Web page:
Someone ought to gift these IBM researchers a better camera, because their latest General Parallel File System is a back-slapping 37 times faster than their last effort back in 2007. The rig combines ten IBM System xSeries servers with Violin Memory SSDs that hold 6.5 terabytes of metadata relating to 10 billion separate files. Every single one of those files can be analyzed and managed using policy-guided rules in under three quarters of an hour. That kind of performance might seem like overkill, but it's only just barely in step with what IBM's Doug Balog describes as a "rapidly growing, multi-zettabyte world." No prizes for guessing who their top customer is likely to be. Full details in the PR after the break.
Show full PR text


Made in IBM Labs: Researchers Demonstrate Breakthrough Storage Performance for Big Data Applications

IBM GPFS Storage Technology Scans 10 Billion Files in 43 Minutes


SAN JOSE, CA, July 22, 2011: Researchers from IBM (NYSE: HYPERLINK "http://www.ibm.com/investor" IBM) today demonstrated the future of large-scale storage systems by successfully scanning 10 billion files on a single system in just 43 minutes, shattering the HYPERLINK "http://www-03.ibm.com/press/us/en/pressrelease/22405.wss" previous record of one billion files in three hours by a factor of 37.

Growing at unprecedented scales, this advance unifies data environments on a single platform, instead of being distributed across several systems that must be separately managed. It also dramatically reduces and simplifies data management tasks, allowing more information to be stored in the same technology, rather than continuing to buy more and more storage.

In 1998, IBM Researchers unveiled a highly scalable, clustered parallel file system called General Parallel File System ( HYPERLINK "http://www-03.ibm.com/systems/software/gpfs/" GPFS), which was furthered tuned to make this breakthrough possible. GPFS represents a major advance of scaling for storage performance and capacity, while keeping management costs flat. This innovation could help organizations cope with the exploding growth of data, transactions and digitally-aware sensors and other devices that comprise Smarter Planet systems. It is ideally suited for applications requiring high-speed access to large volumes of data such as data mining to determine customer buying behaviors across massive data sets, seismic data processing, risk management and financial analysis, weather modeling and scientific research.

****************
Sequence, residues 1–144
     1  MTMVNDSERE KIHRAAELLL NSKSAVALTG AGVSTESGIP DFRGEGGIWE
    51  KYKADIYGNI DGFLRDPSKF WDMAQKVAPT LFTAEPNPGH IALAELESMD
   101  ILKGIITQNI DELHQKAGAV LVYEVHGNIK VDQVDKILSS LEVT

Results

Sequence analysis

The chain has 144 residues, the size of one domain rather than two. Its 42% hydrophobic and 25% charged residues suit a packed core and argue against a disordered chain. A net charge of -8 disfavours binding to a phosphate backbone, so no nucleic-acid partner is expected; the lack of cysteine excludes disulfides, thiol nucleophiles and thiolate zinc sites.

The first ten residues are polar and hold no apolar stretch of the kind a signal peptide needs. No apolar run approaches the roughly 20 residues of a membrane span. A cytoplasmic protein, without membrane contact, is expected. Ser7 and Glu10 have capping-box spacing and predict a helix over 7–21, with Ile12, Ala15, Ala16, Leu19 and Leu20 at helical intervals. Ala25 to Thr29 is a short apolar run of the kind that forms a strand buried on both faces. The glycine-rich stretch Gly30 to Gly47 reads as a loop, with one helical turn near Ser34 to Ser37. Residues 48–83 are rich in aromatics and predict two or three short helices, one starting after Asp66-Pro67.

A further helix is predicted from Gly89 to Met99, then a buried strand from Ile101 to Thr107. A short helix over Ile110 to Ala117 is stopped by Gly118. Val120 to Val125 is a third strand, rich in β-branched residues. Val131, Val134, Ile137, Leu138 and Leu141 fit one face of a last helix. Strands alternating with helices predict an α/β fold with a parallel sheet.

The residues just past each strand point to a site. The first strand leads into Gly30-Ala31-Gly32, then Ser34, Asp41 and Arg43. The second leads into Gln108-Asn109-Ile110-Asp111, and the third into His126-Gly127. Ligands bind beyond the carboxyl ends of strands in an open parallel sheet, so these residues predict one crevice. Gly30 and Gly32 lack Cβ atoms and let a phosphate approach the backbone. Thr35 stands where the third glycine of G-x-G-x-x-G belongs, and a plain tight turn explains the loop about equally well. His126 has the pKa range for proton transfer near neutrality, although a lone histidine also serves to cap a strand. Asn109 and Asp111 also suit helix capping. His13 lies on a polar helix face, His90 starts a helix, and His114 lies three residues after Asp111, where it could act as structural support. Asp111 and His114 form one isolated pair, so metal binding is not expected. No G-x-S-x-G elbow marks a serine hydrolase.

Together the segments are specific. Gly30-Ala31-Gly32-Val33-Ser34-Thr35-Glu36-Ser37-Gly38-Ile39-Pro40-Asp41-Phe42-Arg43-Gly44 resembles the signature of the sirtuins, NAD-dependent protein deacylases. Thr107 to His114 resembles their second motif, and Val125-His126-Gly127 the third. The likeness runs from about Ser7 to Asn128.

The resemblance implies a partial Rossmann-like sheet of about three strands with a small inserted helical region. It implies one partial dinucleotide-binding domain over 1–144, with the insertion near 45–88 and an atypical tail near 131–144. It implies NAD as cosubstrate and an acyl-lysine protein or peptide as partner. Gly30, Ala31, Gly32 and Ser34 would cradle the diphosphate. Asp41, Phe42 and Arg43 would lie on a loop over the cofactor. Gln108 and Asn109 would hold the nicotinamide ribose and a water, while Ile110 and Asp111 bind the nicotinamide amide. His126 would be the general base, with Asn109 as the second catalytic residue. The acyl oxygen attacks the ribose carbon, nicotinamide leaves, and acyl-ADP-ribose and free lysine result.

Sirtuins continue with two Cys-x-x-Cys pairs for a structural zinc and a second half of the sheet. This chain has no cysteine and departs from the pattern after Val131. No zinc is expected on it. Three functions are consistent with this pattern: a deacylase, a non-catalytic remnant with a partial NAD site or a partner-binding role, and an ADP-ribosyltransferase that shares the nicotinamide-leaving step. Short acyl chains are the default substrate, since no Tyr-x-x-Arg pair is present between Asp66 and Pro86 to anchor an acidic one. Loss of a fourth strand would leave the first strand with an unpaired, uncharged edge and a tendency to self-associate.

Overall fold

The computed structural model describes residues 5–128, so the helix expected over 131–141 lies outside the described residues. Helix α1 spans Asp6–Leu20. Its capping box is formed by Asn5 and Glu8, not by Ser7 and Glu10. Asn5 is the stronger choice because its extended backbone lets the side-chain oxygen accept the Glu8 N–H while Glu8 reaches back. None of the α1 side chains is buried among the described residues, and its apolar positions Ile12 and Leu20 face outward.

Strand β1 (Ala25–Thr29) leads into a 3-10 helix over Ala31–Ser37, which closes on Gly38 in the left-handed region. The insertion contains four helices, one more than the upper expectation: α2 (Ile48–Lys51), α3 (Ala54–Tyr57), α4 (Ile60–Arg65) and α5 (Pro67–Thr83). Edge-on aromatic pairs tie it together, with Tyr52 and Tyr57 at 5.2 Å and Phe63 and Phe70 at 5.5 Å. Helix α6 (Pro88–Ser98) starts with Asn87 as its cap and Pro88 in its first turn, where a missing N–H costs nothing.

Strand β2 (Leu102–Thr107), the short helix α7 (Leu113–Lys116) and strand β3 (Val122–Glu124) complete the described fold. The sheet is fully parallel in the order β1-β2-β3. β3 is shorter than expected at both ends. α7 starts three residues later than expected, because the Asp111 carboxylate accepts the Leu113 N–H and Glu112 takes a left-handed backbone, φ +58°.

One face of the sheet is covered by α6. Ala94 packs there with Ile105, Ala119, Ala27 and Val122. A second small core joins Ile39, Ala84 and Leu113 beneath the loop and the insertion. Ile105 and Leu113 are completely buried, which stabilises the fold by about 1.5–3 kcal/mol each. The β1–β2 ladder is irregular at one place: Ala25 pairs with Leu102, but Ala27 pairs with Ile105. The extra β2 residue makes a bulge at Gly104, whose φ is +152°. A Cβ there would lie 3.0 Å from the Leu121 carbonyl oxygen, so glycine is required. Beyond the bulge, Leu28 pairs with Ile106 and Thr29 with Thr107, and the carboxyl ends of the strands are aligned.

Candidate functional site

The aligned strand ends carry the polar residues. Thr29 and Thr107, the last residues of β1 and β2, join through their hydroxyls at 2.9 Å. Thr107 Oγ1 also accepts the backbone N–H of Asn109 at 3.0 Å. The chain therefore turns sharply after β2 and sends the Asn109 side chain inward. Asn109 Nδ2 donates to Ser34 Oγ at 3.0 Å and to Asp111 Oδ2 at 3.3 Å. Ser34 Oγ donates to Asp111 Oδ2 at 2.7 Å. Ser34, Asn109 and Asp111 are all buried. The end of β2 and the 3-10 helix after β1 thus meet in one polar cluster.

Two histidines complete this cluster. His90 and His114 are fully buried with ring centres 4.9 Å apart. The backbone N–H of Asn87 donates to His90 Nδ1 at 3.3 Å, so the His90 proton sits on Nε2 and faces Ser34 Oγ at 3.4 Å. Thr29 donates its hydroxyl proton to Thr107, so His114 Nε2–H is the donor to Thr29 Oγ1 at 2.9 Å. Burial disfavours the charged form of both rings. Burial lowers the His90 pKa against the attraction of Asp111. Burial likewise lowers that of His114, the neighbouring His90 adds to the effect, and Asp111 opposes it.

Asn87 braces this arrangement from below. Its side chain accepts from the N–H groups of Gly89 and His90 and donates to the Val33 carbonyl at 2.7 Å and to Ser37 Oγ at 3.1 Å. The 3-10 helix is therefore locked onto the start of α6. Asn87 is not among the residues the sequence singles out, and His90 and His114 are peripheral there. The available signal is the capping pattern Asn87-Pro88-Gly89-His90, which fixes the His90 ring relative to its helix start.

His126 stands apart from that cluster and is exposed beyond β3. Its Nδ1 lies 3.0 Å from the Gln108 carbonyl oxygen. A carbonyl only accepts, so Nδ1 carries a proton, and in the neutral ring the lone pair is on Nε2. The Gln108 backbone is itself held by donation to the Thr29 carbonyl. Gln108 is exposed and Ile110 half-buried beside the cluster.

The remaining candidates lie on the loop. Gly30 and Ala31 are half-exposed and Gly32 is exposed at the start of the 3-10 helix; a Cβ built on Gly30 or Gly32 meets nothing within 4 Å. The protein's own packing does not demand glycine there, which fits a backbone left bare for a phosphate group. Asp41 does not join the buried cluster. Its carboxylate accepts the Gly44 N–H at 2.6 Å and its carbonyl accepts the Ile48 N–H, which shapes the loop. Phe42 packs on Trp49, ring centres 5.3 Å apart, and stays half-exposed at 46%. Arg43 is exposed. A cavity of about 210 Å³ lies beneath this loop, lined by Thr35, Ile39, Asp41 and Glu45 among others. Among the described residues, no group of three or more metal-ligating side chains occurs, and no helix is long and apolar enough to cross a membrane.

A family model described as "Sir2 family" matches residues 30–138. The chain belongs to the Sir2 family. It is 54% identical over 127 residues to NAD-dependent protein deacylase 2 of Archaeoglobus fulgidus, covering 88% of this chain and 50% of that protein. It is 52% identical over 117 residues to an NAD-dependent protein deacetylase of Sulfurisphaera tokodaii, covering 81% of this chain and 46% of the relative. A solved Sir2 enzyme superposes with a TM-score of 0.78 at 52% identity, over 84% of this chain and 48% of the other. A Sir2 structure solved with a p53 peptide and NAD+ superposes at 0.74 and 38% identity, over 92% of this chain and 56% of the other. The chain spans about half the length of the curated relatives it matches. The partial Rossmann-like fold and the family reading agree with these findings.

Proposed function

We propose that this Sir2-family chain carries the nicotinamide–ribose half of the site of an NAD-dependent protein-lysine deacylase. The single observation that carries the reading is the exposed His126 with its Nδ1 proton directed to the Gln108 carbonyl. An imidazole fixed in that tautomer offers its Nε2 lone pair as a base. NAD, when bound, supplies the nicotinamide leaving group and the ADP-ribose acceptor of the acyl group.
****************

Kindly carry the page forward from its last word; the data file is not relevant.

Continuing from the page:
Driving New Levels of Storage Performance

Today's breakthrough was achieved using GPFS running on a cluster of 10 eight core systems and solid state storage, taking 43 minutes to perform this selection. The GPFS management rules engine provides the comprehensive capabilities to service any data management task.

GPFS's advanced algorithm makes possible the full use of all processor cores on all of these machines in all phases of the task (data read, sorting and rules evaluation). GPFS exploits the solid state storage appliances with only 6.8 terabytes of capacity for excellent random performance and high data transfer rates for containing the metadata storage. The appliances sustainably perform hundreds of millions of data input-output operations, while GPFS continuously identifies, selects and sorts the right set of files among the 10 billion on the system.